The three year crisis in Syria has led to a resurgence of interest in chemical weapons. Often referred to as the “poor man’s bomb,” chemical weapons require a relatively low investment, can cause severe psychological and physical effects and are agents of disruption.
Modern chemical weapons were introduced during World War I in an effort to reduce the deadlock of trench warfare. But they are subject to topography and weather patterns. As munitions have become more precise, their tactical advantage is being eroded. Today, they horrify more than they contribute to victories on the ground. Their indiscriminate nature and unpredictability, coupled with the sometimes-gruesome effects they have make them effective weapons of fear.
Below are five of the worst chemical weapons:
Most toxic: VX
VX belongs to organophosphorus compounds and is classified as a nerve agent because it affects the transmission of nerve impulses in the nervous system. It is odorless and tasteless in its pure form, and appears as a brownish oily liquid.
Developed in the UK in the early 1950s, VX is particularly potent because it’s a persistent agent: Once it’s released into the atmosphere it’s slow to evaporate. Under regular weather conditions, VX can persist for days on surfaces, while it can last for months in very cold conditions. “VX vapor is heavier than air,” which means that when released, “it will sink to low-lying areas and create a greater exposure hazard there.” Such characteristics make VX potentially useful as an area-denial weapon.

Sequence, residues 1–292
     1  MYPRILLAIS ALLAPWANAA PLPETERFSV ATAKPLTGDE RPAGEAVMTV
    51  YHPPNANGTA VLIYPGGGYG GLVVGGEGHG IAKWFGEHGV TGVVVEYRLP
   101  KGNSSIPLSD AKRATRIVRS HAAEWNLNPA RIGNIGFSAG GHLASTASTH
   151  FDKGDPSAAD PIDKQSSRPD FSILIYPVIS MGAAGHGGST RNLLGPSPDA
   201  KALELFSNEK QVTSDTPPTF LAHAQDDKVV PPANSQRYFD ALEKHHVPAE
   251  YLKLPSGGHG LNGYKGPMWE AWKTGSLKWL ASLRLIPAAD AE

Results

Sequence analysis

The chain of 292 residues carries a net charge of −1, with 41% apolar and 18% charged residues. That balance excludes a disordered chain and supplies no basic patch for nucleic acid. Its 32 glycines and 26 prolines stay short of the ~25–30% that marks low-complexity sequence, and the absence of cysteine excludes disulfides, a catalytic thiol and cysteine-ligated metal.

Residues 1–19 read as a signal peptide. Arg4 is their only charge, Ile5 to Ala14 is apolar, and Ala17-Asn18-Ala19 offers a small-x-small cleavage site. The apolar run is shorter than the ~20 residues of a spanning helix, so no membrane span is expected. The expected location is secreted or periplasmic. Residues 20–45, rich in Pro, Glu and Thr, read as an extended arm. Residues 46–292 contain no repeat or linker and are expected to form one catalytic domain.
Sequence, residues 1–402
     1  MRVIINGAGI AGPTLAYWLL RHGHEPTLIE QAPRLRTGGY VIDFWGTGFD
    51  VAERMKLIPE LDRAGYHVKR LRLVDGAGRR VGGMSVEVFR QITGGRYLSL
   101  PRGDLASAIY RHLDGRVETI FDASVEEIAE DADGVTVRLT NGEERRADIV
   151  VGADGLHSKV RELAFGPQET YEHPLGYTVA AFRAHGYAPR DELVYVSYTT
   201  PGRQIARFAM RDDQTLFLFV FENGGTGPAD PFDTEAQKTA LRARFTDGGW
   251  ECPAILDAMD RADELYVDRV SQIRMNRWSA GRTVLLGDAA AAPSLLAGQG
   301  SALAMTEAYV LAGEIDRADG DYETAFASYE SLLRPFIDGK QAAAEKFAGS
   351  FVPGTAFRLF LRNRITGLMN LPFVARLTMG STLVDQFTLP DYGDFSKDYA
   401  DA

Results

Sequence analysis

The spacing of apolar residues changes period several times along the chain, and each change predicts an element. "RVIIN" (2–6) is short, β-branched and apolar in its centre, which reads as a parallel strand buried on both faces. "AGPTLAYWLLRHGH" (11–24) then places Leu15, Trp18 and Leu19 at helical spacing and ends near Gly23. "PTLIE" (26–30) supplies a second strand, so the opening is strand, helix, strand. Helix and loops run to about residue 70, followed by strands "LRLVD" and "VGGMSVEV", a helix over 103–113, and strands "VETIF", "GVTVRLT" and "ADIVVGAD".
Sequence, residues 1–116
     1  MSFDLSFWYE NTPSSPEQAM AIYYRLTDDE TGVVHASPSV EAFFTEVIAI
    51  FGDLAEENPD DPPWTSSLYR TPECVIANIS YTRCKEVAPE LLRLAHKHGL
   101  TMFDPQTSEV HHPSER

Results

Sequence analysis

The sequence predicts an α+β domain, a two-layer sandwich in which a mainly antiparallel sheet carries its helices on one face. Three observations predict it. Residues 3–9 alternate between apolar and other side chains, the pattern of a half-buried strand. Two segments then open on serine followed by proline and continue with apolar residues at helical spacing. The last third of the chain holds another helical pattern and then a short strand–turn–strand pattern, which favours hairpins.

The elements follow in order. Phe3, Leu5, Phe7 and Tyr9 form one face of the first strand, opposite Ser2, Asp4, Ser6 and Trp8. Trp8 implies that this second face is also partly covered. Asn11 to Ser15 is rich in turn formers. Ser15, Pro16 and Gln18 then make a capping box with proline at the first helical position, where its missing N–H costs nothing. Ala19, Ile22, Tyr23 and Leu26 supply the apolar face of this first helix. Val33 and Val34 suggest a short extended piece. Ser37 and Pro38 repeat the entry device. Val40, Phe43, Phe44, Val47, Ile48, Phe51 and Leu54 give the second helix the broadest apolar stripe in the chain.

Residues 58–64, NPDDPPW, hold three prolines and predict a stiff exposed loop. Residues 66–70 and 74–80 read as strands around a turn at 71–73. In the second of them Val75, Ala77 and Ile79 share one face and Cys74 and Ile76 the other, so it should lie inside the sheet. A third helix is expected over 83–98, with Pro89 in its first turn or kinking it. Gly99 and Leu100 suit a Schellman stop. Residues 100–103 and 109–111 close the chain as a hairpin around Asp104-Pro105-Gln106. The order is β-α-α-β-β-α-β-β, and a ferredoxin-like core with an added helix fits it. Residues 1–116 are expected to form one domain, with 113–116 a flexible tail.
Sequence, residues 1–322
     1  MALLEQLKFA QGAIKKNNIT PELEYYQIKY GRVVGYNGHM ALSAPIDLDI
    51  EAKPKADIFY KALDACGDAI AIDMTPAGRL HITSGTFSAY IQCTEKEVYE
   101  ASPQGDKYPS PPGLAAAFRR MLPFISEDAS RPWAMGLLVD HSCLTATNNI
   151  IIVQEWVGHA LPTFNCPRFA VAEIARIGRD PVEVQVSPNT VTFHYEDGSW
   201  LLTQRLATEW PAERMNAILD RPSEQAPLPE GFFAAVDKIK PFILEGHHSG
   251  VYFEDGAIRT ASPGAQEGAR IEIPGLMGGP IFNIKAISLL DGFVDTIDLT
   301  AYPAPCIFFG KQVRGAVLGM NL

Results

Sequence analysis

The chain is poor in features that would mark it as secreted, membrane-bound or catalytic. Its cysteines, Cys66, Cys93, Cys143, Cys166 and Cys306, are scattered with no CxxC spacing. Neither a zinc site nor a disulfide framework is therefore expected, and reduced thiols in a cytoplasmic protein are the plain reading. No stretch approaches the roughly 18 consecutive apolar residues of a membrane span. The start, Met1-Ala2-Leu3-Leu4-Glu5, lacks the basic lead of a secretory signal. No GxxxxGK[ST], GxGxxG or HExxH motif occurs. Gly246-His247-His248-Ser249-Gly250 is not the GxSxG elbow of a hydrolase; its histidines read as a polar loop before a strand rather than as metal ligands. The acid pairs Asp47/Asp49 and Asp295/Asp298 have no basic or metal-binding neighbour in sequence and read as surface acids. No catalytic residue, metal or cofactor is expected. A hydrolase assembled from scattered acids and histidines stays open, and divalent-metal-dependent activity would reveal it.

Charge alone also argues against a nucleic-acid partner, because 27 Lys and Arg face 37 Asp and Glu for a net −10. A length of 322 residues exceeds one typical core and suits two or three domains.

VX is also a fast-acting agent. Symptoms can appear only seconds after exposure. They include salivation, constriction of the pupils and tightness in the chest. As with other nerve agents, VX works by affecting the enzyme (acetylcholinesterase) that acts as the body’s ‘off switch’ for glands and muscles. With the enzyme blocked, molecules constantly stimulate the muscles. As the muscles spasm, they tire. Death is caused by asphyxiation or heart failure. While it is possible to recover from exposure, tiny amounts of the agent can be lethal.
Most recently used: Sarin
In September 2013, the UN confirmed that a chemical weapons attack involving specially designed rockets that spread sarin over rebel-held suburbs of the Syrian capital took place the month before. UN Secretary General, Ban Ki-Moon stated that this was the “most significant confirmed use of chemical weapons against civilians since Saddam Hussein used them in Halabja in 1988.”
Sarin (also known as GB) is a volatile but toxic nerve agent. A single drop the size of the head of a pin is enough to kill an adult human rapidly. It is a colorless and odorless liquid at room temperature, but evaporates rapidly when heated. After release, sarin will spread into the environment rapidly and present an immediate but short-lived threat. Similar to VX, “symptoms include headaches, salivation and secretion of tears, followed by gradual paralysis of the muscles” and possible death.